I just thought I’d share with everyone that I am 2-years out from my hip-resurfacing with Dr. Su and I am still thrilled with the results. I am an athletic woman of average height and build. I was 27 years old at the time of surgery.
My journey since operation: I spent a very long time trying to get my strength back, which was lost not during the surgery, but during the injury. Limping around, having issues with stairs, and putting all pressure into my quads caused a lot of muscle loss in my hamstrings and glutes. It took me a long time to re-learn how to activate my posterior chain. I have been consistently strength-training 3x a week for a year now and I began noticing a significant increase in muscle mass and strength in my hamstrings and butt only recently.
I still have moments of uncertainty and feel that I could make a lot more progress in the strength of my left hip, but at this point I do feel fairly unlimited in the type of movements I do. I recently started competitive soccer and have no trouble with footwork/quickly changing directions. I have been hiking, snowboarding, running, obstacle course racing, and I even practice kickboxing here and there.
I hear a lot of criticism of hip-resurfacing, especially in people with smaller frames (which is most women.) It is unsettling to say the least, so I thought i’d share my success with anyone who is feeling uncertain. If anyone would like to ask me questions, please feel free.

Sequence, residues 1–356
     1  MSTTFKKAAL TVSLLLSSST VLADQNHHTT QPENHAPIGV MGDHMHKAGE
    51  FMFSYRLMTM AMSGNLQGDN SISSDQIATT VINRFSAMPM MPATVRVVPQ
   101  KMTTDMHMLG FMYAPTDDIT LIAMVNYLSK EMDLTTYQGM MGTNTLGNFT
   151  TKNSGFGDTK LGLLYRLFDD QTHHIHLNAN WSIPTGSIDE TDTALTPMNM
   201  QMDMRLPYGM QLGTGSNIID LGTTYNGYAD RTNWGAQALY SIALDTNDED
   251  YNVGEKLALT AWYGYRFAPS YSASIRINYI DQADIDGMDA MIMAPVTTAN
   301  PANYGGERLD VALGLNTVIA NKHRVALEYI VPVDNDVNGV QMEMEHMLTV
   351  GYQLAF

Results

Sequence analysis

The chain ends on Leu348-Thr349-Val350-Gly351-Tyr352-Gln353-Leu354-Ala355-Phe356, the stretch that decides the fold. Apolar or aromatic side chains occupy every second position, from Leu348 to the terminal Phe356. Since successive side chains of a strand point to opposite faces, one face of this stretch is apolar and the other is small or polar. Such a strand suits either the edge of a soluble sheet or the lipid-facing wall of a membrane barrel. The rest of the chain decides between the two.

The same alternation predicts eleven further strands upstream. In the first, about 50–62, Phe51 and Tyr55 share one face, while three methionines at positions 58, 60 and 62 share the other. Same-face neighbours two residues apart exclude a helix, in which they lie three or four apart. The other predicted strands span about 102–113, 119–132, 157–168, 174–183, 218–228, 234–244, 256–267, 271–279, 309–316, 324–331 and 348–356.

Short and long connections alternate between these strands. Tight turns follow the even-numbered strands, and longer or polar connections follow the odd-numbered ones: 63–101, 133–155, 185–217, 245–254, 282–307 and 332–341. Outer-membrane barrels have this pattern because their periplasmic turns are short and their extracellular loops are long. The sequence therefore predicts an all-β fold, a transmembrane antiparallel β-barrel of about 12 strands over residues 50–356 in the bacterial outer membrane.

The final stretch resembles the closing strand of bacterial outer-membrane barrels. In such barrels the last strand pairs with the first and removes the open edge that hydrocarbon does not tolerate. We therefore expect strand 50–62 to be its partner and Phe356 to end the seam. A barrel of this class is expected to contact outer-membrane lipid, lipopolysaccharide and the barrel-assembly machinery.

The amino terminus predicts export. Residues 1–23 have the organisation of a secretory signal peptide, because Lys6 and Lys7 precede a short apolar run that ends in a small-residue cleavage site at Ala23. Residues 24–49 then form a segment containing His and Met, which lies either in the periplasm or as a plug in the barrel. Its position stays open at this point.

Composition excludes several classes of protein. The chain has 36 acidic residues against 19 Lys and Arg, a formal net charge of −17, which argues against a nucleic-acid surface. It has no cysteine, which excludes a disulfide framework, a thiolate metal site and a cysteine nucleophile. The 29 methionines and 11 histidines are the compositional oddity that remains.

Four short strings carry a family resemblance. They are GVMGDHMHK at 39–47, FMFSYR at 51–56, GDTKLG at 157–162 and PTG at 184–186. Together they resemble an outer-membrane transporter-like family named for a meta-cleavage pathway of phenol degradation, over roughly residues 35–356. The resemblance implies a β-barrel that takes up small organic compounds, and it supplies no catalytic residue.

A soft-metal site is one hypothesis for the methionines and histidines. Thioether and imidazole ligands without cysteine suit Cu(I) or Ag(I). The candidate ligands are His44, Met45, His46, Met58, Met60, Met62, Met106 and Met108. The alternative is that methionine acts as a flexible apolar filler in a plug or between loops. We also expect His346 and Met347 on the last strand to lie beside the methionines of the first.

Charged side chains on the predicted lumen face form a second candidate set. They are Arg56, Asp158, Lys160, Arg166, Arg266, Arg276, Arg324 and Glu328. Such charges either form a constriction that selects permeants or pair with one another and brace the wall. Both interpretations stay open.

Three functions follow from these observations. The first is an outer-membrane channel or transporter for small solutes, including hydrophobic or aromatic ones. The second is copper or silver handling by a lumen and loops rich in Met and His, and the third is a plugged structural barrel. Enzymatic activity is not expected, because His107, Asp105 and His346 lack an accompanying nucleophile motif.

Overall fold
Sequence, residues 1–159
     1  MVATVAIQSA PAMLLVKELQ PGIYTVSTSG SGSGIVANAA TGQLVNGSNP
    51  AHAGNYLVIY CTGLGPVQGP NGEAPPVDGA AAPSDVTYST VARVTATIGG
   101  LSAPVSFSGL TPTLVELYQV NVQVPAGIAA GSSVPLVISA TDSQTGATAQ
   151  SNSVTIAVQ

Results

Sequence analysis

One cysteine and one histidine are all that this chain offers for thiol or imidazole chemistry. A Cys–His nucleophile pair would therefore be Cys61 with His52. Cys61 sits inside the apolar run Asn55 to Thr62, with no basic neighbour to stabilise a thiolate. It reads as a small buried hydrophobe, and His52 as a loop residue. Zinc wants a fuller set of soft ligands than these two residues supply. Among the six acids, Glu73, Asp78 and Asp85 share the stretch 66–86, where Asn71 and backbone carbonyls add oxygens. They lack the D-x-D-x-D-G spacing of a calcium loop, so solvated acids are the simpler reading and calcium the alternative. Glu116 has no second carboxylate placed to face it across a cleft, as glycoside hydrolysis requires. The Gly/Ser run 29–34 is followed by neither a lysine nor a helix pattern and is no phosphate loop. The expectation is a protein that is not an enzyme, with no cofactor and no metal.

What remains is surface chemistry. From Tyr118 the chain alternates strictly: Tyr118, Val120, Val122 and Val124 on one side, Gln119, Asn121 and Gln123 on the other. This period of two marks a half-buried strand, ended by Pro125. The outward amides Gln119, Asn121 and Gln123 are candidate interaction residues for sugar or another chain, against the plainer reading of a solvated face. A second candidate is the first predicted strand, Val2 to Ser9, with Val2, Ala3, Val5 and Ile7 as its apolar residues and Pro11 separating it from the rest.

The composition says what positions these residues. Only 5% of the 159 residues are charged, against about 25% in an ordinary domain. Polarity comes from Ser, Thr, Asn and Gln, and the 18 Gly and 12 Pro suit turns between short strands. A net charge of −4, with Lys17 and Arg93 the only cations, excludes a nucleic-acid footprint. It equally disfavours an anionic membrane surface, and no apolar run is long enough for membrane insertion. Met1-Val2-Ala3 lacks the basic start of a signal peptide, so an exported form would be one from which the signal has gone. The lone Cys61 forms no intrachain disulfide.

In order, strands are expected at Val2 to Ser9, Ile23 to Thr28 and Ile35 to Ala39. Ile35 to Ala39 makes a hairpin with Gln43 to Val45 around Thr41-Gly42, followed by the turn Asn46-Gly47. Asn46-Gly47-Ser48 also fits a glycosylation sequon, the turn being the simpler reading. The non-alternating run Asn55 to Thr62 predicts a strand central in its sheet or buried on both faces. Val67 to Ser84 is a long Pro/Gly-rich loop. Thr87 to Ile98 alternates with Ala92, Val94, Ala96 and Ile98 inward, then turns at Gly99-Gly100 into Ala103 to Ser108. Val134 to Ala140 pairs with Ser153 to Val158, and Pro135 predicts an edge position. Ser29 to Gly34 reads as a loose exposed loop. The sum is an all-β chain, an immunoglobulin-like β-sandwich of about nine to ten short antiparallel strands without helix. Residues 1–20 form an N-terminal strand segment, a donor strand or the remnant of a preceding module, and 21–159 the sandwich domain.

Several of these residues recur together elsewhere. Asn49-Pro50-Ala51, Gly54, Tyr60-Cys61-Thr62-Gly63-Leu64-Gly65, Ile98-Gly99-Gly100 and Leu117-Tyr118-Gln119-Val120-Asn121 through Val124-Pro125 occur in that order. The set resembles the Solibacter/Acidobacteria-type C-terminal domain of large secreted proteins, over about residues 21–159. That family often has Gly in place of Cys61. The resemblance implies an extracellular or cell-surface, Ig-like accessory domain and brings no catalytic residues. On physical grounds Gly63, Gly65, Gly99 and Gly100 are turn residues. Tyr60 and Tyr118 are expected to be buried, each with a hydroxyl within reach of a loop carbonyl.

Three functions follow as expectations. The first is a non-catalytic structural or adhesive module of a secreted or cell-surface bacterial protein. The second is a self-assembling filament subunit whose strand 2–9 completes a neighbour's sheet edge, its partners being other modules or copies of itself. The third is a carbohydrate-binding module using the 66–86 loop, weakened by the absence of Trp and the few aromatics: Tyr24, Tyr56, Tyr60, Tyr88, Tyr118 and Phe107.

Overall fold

August 13, 2016
After years of pain and confusion following bilateral FAO surgery and a gradual descent into the category of “severe” arthritis, I finally have a real solution for my pain. I’m having my left hip resurfaced by Dr. Edwin Su at HSS, this Tuesday!
I’m a 27 y/o female and the severity of this surgery is not lost on me. I’m nervous and scared knowing that this will affect me for the rest of my life. However, I am so excited to be able to get back to my life as an athlete. After feeling like so many options were closed off to me, I feel like the world is about to open up with possibilities.
May 1, 2016
I used to be a competitive kickboxer, training 2-4 hours a day, with the goal of becoming a professional fighter. About three years ago I started experiencing hip pain that was interfering with my training. Eventually I was diagnosed with FAI and given the option to have surgery. I was told the surgery would eliminate the impingement and associated symptoms. In 2014 I underwent bilateral FAO surgery with high hopes.
Unfortunately, I have not been able to return to training since then. In addition, I now struggle with most forms of exercise and experience pain most days. It took me a long time to realize that my pain was not just part of my recovery and that my condition was not getting better.
Recently I spoke with a surgeon who explained that I have structural issues with my hips that are causing my cartilage to degenerate at an aggressive rate. It’s still unclear to me whether the structural issues were a result of the surgery or unrelated. The Dr said that “time is ticking” and I’ll have to have surgery to “save my hips.”